The proposal contained in the modernisation plan is to transfer all services provided by Yorkhill into a first class new children’s hospital in association with an adult hospital service on the same site within the next 7 – 10 years. Further work needs to be done to consider whether it would make sense to create a new maternity hospital at the Southern General as part of that scheme or whether the service can function satisfactorily with the maternity service remaining elsewhere on the Southern General Hospital sit in its existing relatively modern accommodation (which would be big enough).

Some advantages of locating these services on the same site will be:

Any option for the future location of the services currently provided by Yorkhill must ensure that:

The Yorkhill Trust provides a mixture of local, regional and national services. Greater Glasgow NHS Board residents are the major users – around 43,000 (in-patients, day cases and new outpatients) in 1998/9 (67% of total activity). The next biggest numbers of users are around 9,000 from Lanarkshire (14% of total activity) and 5500 from Argyll and Clyde (9%). Other Health Boards’ numbers are:

Ayrshire and Arran - around 1700 ) 10% of

Forth Valley - around 1300 ) total

All other Health Boards - less than 600 each. ) activity

Accessibility to Yorkhill at present is reasonably straightforward by car (but car parking is limited) or else involves combinations of trains (via Partick), underground (via Kelvin Hall) or bus. Accessibility to the Southern General will not be significantly more difficult for those travelling by car (and car parking will be easier). Public transport access via the underground (to Govan and then short bus ride to the Southern General) will, for very many people, be no more difficult than current access to Yorkhill. The present in-patient attendances at Yorkhill by Glasgow residents show that most people are already used to travelling from widely around the Greater Glasgow area, using several bus routes and changing buses to complete their journey.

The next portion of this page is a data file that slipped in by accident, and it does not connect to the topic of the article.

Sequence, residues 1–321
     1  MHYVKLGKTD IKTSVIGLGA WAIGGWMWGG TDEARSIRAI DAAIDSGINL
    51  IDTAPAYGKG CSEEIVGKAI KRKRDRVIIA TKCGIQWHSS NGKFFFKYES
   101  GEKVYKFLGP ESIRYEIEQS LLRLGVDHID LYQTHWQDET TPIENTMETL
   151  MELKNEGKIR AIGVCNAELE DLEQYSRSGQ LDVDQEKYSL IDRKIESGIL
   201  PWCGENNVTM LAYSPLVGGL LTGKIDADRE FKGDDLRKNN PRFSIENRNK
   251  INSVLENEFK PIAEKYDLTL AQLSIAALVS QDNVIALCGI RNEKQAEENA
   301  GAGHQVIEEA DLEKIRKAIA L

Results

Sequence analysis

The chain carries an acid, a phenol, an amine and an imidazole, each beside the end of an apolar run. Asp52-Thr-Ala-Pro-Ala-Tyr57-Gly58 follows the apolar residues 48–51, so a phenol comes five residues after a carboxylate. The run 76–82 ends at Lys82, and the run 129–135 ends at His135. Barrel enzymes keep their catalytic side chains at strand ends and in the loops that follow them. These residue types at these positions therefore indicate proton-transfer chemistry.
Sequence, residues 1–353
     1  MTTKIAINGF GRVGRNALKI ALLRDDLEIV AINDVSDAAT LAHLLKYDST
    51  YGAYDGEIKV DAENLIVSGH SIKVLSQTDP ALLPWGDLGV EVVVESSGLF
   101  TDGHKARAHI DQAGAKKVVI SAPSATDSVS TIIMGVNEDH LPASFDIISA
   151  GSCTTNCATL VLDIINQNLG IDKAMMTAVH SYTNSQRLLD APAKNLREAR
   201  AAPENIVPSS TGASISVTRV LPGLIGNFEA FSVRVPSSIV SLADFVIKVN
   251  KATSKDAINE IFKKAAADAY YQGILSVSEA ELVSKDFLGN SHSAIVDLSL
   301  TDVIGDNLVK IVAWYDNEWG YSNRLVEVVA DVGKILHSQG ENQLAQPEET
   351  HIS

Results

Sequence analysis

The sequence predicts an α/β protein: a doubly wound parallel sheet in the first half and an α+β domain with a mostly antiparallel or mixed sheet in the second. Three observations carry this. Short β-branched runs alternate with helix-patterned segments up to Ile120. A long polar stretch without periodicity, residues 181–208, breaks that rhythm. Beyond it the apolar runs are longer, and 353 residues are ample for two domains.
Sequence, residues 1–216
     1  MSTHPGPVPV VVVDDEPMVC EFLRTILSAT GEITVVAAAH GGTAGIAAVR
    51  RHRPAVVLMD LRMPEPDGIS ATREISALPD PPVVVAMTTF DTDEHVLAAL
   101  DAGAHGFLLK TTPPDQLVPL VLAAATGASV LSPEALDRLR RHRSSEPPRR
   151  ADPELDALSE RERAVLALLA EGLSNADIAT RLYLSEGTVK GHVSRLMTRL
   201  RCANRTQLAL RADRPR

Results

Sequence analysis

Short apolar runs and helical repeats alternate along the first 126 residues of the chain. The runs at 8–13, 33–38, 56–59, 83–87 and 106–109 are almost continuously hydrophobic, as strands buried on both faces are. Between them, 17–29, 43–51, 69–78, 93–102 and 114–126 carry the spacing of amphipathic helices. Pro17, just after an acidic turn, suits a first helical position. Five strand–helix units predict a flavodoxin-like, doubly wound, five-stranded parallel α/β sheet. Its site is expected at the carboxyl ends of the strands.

An ‘Evening Times’ story on 21st March, 2000 identified that the bus journey from the City Centre to the Southern General (mid-morning) was 23 minutes, which is no more than 15 minutes longer than it would take from City Centre to Yorkhill (where the journey would conclude with a walk up the hill from Argyle Street).

Initial reaction to the suggestion of building a new Children’s Hospital at the Southern General has – very understandably – emphasised the supreme importance of retaining the spirit and child-centred focus that the Royal Hospital for Sick Children provides. We absolutely agree. What is proposed is the same set of services, provided by the same staff but in a completely new children’s hospital building better connected to some services where the child-centred focus is currently weak (such as neurosciences, Southside ENT and services for children who currently attend an adult Accident and Emergency Department). Residential accommodation for parents wanting to stay near their children will also be provided on site to ensure continuation of the excellent support currently provided by Ronald McDonald House.